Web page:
One of the best tools available in my opinion in Azure Data Studio to make our lives easier regardless of the type of work we do with Data are Notebooks.
I am not going to re-write what a Notebook is, there is an excellent write-up by Microsoft here.
But in a nutshell what can we do with Notebooks:
- Host Text
- Host Code
- Store the results of the code
- Source Control
- Multiple application Kernels
If you are not already using Notebooks or considering using them, I recommend you look into what they can do for you as they will make your life so much easier.
For example, If you are a production support DBA and you are oncall when an issue happens, having your scripts ready to run and capture what is happening, and the bonus is, you store the results so in the recap the next day you are able to confirm what you ran, what the results were and not have to worry about your tiredness coming into play.
Notebooks are constantly evolving, just like everything else we as Data Professionals need to learn about. Recently with the June 2020 release we got a nicer user experience with Notebooks giving us more flexibility in formatting our text cells. The new editor gives us markup editing functions such as:
- Code block comments
- Linking to URL based content
- Bullet Points
- Numbering Points
- Paragraph formatting
All with a side by side editing approach showing you your preview on the right side of your notebook. If you do not want to see the preview, you can toggle this on and off with the preview button in the top right hand corner.
With the August release another nice feature that was added to the Notebook user experience is the ease of moving a cell once we have created it. You will see the Up and Down Arrows, for those of us that sometimes create our cells in the wrong place.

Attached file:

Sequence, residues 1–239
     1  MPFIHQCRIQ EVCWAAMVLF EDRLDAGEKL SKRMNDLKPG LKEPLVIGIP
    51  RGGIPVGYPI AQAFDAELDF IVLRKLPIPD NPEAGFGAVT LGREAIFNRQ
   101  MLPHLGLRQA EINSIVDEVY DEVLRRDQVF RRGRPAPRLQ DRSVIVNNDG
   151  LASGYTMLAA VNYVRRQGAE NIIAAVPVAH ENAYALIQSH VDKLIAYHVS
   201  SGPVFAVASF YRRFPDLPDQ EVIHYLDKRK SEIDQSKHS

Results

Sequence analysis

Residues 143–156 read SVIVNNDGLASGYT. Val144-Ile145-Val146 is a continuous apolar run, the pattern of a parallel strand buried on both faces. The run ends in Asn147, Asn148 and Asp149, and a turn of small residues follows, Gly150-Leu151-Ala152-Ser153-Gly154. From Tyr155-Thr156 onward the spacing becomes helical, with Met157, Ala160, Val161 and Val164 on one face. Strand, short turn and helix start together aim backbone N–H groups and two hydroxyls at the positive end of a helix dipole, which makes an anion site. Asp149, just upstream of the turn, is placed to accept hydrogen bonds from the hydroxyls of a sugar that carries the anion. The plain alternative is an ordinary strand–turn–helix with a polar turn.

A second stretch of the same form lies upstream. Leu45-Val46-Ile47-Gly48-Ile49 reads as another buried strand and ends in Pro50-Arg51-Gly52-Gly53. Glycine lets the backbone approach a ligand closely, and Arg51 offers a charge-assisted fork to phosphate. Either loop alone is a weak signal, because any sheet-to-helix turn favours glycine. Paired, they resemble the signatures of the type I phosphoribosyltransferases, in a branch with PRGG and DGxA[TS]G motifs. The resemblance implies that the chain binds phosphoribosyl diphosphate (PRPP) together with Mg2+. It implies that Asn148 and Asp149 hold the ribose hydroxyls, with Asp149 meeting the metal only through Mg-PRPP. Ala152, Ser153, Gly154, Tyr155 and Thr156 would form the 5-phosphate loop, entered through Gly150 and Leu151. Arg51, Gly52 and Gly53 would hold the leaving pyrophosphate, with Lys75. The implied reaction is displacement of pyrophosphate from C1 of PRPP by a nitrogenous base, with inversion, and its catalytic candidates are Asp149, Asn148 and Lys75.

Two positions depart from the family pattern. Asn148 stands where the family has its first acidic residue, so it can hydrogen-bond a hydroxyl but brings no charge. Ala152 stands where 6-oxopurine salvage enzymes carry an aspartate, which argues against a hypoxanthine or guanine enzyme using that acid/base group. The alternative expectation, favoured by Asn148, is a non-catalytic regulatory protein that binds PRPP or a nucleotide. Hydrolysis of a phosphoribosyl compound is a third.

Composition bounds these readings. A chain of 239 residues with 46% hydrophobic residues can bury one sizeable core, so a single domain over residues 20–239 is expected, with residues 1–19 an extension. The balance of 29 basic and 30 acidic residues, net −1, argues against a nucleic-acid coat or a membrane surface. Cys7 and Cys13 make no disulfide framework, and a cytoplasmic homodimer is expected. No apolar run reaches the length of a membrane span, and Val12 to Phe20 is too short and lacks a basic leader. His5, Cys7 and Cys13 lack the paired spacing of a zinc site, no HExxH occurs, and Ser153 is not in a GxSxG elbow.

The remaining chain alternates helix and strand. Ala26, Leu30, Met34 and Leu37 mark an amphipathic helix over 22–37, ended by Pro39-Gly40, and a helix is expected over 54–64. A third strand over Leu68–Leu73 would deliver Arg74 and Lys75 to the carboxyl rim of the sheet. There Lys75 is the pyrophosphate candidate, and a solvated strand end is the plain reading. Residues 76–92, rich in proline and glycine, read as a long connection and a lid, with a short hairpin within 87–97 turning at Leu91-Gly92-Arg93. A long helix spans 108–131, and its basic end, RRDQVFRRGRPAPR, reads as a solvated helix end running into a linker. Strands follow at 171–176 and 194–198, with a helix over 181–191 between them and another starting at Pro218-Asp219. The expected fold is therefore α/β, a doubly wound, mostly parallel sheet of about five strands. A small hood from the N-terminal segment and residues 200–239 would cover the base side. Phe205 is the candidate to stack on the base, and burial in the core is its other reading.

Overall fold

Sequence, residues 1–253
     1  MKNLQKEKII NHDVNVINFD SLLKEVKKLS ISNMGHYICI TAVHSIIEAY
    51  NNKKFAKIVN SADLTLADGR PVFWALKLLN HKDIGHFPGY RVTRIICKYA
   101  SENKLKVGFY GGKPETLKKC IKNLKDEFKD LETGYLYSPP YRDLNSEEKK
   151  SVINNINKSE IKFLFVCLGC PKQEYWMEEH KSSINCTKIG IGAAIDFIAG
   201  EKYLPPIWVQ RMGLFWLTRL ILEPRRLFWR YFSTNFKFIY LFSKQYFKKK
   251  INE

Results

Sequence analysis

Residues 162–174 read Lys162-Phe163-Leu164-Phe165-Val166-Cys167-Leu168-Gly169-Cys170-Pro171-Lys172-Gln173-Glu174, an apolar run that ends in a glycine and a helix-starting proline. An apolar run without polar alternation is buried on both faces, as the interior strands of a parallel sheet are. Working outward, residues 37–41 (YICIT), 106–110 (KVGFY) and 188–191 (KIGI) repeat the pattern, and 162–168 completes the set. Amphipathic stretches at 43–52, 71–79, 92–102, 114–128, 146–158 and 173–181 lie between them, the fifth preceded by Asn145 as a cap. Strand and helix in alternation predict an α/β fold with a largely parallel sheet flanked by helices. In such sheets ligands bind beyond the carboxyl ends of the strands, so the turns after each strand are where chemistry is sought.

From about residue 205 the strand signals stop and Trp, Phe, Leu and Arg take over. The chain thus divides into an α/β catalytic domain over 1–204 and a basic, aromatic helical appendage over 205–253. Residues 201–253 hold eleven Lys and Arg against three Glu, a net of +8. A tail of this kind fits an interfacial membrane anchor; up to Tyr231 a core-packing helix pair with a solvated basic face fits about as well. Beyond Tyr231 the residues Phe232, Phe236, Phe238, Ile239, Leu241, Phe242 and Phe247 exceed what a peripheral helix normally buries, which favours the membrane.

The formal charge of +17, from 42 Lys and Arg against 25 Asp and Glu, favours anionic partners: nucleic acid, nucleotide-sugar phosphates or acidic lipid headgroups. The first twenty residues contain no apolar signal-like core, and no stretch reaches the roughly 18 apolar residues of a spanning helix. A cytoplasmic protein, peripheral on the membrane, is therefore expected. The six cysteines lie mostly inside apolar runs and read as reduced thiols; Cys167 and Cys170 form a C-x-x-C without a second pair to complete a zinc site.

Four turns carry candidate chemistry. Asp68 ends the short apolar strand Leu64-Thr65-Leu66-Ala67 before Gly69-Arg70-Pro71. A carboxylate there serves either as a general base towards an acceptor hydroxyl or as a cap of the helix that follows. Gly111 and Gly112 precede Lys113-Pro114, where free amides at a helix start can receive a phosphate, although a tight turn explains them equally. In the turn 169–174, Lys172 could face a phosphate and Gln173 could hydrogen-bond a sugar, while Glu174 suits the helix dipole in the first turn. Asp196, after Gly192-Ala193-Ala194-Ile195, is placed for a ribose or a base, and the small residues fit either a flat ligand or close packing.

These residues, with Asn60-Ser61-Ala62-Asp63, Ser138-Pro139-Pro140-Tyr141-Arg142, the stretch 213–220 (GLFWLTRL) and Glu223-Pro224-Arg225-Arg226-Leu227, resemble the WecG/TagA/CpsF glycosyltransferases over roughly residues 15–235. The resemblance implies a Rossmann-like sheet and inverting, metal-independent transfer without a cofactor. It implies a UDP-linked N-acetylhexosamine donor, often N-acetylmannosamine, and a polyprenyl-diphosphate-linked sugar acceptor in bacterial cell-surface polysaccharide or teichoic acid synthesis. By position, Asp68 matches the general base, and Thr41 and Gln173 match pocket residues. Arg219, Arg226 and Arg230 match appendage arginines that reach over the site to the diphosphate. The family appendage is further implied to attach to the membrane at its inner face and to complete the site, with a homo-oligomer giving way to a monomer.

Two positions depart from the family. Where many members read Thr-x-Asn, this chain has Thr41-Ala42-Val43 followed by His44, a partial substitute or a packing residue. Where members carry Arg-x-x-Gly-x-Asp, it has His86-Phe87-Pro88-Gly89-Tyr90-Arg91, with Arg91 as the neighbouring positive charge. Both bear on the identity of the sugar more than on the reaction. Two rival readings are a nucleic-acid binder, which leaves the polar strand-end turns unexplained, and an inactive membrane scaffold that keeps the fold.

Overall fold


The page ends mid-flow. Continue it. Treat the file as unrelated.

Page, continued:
Another nice little feature, is the ability to easily swap a cell type. This allows us to swap a Text Cell to a Code Cell and back with a simple click.
You will also notice that in the activity bar, we have a Notebook activity tab. This allows us to open a folder from the operating system where we have stored our Notebooks we are sharing as a team. We now also have the functionality to perform a search across our notebooks looking for specific code or comments.
We also have the ability to open Remote Jupyter Books that are in Github.
An Added bonus, Microsoft’s Tiger Team have a TigerToolbox on Github that you are able to have access to. Select the Tigertoolbox repository, Click Search and you will now have some options to choose from under the releases.
At the time of this post, you need a Github release URL to easily gain access to the remote Notebook.
Enjoy working with Notebooks in Azure Data Studio.